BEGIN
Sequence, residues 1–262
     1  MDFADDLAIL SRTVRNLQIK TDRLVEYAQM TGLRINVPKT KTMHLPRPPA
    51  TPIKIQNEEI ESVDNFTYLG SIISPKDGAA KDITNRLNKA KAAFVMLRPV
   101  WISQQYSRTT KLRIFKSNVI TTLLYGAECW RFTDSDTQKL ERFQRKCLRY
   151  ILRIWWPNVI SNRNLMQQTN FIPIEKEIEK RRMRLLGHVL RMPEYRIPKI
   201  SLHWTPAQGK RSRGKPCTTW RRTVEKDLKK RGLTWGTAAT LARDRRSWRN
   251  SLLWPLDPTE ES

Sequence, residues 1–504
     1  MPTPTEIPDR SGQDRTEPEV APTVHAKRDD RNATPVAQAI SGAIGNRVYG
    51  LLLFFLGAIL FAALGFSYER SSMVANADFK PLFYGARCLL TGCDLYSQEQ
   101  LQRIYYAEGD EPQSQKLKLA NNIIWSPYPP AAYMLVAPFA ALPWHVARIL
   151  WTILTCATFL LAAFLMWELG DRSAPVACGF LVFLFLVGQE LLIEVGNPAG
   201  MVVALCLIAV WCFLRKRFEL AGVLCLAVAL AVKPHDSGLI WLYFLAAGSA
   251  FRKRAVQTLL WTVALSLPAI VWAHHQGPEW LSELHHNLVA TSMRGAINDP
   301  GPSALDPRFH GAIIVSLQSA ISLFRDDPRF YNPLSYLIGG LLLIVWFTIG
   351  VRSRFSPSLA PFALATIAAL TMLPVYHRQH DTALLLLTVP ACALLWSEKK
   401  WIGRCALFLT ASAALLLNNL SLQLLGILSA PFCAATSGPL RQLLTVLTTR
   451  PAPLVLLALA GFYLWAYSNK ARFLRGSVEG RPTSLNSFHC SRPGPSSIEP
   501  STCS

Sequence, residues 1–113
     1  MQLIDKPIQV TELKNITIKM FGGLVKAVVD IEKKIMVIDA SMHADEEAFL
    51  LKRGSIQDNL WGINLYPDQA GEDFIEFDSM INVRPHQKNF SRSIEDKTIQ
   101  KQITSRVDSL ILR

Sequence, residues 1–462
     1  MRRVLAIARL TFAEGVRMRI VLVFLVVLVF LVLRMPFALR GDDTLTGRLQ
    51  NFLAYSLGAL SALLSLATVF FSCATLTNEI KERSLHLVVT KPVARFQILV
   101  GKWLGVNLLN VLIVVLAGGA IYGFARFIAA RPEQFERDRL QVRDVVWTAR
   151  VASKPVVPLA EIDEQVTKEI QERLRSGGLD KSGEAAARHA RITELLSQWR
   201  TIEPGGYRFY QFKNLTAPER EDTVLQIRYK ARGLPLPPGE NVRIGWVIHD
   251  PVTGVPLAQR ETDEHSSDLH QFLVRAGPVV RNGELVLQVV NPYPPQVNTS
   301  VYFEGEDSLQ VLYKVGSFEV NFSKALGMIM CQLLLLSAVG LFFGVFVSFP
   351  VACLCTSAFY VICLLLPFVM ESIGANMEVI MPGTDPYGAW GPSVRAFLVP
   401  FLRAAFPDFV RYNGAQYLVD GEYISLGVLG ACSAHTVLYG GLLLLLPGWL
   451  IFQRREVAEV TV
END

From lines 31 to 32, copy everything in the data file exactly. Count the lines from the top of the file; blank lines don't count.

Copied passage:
   301  VYFEGEDSLQ VLYKVGSFEV NFSKALGMIM CQLLLLSAVG LFFGVFVSFP
   351  VACLCTSAFY VICLLLPFVM ESIGANMEVI MPGTDPYGAW GPSVRAFLVP